2. Utility objects — These are Math, Date, RegExp
  3. Error objects — The generic Error object as well as other, more specific objects that can help your program recover its working state when something unexpected happens.

Hope this help you. 🙂

Happy Reading,

What Are JavaScript Closures?

General View

Before going into the details let me quickly run through function scope.
As you know earlier variables in javaScript have function scope not block scope(find details:here)

var outer = 1; 
function funName(){
    var inner = 1; 
    return outer;

funName(); //output: 1
inner; //output: inner is not defined

Note: Inside funName(), both inner and outer are visible where as outside funName(), outer is visible, but inner is not.

Scope Chain

If function innerFunc() is nested inside outerFunc(), then innerFunc() has the access to it’s own variables/properties as well as it’s parents. This is called Scope Chain.

var outerVariable = 1;
function outerFunc(){
    var innerVariable1 = 2;
    return inner = function innerFunc() {
        var innerVariable2 = 3;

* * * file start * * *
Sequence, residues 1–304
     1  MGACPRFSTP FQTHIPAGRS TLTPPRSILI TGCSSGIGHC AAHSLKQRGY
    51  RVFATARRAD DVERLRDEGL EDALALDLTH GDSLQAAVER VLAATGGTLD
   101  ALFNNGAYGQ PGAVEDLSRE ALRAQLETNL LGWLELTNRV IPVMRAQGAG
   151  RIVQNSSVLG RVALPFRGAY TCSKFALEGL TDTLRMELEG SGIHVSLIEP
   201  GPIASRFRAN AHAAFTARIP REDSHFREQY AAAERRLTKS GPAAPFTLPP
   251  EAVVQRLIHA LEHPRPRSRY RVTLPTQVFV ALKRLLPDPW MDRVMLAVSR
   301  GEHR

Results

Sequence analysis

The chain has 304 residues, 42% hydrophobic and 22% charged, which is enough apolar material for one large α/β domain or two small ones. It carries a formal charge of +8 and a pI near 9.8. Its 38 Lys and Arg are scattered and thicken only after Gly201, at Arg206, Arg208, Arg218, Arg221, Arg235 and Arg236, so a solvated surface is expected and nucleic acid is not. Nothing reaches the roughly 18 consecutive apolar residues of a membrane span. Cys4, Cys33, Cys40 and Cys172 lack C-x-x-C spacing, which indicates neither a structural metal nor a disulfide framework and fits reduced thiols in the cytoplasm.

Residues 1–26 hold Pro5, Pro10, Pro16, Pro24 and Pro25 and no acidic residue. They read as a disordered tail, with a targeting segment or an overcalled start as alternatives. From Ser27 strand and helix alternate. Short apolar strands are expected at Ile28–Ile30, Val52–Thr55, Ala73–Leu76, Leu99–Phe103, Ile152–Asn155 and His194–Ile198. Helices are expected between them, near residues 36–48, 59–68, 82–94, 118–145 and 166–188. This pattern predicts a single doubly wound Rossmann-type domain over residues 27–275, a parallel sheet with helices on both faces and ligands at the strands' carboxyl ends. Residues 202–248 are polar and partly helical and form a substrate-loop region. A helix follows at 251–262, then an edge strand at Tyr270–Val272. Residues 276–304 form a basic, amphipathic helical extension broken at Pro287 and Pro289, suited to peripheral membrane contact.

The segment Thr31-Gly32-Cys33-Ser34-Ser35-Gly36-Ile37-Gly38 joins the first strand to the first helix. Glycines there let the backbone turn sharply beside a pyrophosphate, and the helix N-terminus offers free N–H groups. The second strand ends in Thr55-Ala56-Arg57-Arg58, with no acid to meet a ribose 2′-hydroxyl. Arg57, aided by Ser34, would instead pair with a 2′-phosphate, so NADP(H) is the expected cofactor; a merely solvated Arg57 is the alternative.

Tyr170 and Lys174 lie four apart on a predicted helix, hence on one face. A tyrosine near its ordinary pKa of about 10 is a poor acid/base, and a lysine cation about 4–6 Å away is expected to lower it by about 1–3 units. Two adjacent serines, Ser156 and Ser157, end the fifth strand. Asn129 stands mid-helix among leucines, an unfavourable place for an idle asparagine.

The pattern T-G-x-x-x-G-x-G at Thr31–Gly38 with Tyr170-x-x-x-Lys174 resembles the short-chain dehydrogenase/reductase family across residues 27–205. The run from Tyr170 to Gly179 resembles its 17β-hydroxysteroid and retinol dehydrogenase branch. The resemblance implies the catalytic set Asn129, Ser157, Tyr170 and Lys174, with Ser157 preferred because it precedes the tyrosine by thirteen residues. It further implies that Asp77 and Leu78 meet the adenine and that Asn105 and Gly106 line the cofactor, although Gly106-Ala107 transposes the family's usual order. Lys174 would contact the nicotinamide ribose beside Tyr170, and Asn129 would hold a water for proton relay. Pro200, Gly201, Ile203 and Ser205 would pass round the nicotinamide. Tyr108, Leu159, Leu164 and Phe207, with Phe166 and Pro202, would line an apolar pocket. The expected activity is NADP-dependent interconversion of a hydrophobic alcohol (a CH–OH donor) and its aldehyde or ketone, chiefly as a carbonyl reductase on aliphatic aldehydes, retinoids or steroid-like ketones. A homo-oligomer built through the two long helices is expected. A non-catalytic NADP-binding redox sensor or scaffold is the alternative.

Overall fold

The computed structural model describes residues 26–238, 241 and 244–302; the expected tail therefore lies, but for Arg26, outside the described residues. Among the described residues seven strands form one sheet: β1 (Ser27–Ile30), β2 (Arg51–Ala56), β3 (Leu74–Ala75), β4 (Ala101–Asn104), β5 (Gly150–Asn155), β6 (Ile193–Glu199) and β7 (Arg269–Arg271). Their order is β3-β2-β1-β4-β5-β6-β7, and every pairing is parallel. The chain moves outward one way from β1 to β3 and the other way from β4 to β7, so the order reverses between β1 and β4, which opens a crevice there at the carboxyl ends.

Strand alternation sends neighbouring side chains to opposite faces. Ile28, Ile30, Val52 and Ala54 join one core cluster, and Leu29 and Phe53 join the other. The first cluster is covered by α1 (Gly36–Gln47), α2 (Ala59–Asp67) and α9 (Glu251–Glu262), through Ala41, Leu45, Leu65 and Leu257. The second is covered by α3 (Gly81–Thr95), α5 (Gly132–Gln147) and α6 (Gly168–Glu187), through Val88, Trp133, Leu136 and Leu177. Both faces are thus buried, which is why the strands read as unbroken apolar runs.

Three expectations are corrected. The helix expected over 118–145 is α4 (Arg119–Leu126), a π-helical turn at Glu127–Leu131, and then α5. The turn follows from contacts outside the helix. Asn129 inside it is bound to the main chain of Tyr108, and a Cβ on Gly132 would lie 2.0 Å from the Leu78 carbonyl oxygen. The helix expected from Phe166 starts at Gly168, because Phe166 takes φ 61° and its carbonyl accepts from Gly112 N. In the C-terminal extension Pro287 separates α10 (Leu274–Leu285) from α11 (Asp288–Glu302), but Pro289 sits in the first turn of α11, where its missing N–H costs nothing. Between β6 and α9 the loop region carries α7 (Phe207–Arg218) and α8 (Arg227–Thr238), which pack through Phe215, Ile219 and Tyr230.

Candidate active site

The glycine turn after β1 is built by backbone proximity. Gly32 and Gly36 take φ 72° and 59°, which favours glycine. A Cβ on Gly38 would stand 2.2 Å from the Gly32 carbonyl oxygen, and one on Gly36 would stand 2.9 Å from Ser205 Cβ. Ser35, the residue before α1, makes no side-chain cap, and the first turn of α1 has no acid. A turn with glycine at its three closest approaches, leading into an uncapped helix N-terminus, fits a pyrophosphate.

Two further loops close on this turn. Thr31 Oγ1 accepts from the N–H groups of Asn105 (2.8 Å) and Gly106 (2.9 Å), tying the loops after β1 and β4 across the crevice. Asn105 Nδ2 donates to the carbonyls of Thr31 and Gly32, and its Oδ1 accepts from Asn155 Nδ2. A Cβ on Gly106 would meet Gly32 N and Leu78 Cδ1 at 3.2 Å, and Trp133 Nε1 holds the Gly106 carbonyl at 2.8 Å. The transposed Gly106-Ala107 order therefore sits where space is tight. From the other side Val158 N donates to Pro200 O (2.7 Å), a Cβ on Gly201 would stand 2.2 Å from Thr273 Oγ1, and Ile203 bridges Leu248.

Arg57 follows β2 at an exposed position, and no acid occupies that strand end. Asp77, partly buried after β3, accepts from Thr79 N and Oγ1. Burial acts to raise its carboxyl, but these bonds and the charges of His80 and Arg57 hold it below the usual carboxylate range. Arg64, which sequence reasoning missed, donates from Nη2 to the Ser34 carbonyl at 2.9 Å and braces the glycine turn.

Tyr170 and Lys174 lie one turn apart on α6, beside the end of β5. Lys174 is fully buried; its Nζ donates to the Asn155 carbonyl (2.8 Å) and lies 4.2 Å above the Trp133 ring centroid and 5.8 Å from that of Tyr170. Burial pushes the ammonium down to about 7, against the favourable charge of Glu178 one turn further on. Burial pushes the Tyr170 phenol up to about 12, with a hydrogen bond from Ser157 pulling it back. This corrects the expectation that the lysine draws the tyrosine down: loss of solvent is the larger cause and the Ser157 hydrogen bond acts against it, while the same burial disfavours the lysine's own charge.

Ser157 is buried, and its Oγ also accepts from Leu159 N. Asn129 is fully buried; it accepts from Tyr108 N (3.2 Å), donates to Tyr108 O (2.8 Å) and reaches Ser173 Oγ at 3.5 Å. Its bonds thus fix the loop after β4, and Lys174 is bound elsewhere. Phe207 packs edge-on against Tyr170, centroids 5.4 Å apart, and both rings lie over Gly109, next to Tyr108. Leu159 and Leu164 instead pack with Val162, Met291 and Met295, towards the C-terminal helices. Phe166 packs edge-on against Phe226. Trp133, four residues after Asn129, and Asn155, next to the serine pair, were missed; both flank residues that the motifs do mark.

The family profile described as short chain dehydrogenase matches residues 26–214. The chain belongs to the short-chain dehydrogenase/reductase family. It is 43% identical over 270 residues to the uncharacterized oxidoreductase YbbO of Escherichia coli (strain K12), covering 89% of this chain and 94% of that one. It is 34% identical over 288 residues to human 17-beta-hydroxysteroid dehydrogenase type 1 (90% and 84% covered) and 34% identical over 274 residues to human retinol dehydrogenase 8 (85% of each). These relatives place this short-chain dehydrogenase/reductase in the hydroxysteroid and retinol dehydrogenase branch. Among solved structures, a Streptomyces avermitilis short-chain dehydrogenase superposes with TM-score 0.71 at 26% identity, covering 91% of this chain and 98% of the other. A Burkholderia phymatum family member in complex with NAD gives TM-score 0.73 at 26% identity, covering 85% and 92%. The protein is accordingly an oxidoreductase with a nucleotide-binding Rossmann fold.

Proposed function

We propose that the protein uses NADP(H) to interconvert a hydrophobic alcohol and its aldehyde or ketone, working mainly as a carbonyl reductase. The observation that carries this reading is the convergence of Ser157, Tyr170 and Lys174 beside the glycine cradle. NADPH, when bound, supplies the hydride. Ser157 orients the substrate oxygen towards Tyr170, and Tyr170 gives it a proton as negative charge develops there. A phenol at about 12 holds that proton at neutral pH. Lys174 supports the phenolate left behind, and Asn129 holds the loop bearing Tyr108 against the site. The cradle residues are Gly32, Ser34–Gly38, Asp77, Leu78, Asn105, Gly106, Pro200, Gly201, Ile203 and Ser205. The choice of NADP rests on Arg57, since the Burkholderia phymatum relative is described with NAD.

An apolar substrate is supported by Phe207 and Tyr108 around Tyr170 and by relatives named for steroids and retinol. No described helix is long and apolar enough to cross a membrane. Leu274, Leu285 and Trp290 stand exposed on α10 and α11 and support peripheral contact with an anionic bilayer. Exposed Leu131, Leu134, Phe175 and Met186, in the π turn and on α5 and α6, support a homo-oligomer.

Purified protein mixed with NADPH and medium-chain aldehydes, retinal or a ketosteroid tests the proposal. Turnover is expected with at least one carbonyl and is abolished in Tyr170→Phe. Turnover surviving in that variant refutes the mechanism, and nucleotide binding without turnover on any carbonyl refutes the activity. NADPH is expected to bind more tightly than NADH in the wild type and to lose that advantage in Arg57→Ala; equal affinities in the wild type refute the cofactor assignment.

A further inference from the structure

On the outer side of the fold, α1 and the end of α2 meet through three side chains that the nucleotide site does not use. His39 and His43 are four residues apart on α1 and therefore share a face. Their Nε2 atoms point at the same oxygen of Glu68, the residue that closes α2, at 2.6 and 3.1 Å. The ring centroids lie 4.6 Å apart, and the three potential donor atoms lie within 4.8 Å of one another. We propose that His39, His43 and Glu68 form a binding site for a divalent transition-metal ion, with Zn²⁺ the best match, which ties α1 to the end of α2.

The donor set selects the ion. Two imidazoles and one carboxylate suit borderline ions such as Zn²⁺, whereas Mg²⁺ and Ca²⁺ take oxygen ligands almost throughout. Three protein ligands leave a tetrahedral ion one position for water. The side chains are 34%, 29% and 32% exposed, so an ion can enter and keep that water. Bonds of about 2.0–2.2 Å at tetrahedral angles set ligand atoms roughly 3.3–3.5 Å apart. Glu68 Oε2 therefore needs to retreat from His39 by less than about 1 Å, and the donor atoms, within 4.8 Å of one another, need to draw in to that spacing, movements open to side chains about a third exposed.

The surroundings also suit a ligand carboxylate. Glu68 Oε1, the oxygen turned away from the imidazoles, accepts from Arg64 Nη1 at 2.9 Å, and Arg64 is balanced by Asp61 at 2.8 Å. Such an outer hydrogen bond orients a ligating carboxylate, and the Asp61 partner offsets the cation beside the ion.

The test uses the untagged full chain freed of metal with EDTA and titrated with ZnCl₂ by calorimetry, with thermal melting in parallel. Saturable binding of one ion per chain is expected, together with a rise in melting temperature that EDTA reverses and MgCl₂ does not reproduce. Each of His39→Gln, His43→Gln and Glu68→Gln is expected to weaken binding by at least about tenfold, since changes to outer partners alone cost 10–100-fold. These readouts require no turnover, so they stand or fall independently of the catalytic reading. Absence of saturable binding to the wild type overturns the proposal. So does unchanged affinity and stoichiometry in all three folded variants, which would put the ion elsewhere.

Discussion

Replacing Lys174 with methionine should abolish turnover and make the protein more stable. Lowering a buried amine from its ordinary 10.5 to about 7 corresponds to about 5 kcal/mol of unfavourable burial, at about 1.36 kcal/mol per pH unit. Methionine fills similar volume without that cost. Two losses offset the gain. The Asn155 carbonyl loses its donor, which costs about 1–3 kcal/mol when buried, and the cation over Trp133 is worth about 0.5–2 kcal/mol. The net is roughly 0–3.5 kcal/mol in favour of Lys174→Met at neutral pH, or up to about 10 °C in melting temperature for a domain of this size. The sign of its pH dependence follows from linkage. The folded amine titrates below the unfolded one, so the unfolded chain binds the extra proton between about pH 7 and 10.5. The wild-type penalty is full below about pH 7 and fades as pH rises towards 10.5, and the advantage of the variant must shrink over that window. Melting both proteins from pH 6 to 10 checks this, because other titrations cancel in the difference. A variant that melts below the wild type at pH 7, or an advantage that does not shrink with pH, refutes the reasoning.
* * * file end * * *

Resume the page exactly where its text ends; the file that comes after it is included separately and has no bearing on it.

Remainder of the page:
return outerVariable + innerVariable1 + innerVariable2;

outerFunc(); //output: innerFunc()
inner(); //output: 6

Lexical Scope

In javaScript function create their scope when they are defined, not when they are execute. This is called Lexical Scope.

function outerFunc(){
    var outer = 1;
    return innerFunc();

function innerFunc(){
    return outer;

outerFunc(); //output: outer is not defined

One might think as innerFunction() is inside outerFunc(), so it should have access to all the variables of it’s parent function outerFunc(), but outerFunc() is a parent function during execution not during the function define. That’s why we are getting undefined for outer.
JavaScript also gives the flexibility to add/update/remove a variable from it’s function scope and function will return you the updated value.

function outerFunc(){
    var outer = 1;
    return innerFunc();

function innerFunc(){
    return outer;

outerFunc(); //output: outer is not defined

var outer = 10;
outerFunc(); //output: 10

outer = 20;
outerFunc(); //output: 20

delete outer; //output: true
outerFunc(); //output: outer is not defined

Break The Scope With Closures

Now we will move to closures, lets think of a global space/scope where all the functions and variables are present.
This will give you a picture like:
Function and Scope
If you are at:

  1. a then you have access to global space as it is inside global space.
  2. b which is inside F, then you have access to F-space and global space.
  3. c which is inside N, then you have access to N-space, F-space and global space.

But you can’t reach a to b, as b is inside F-space.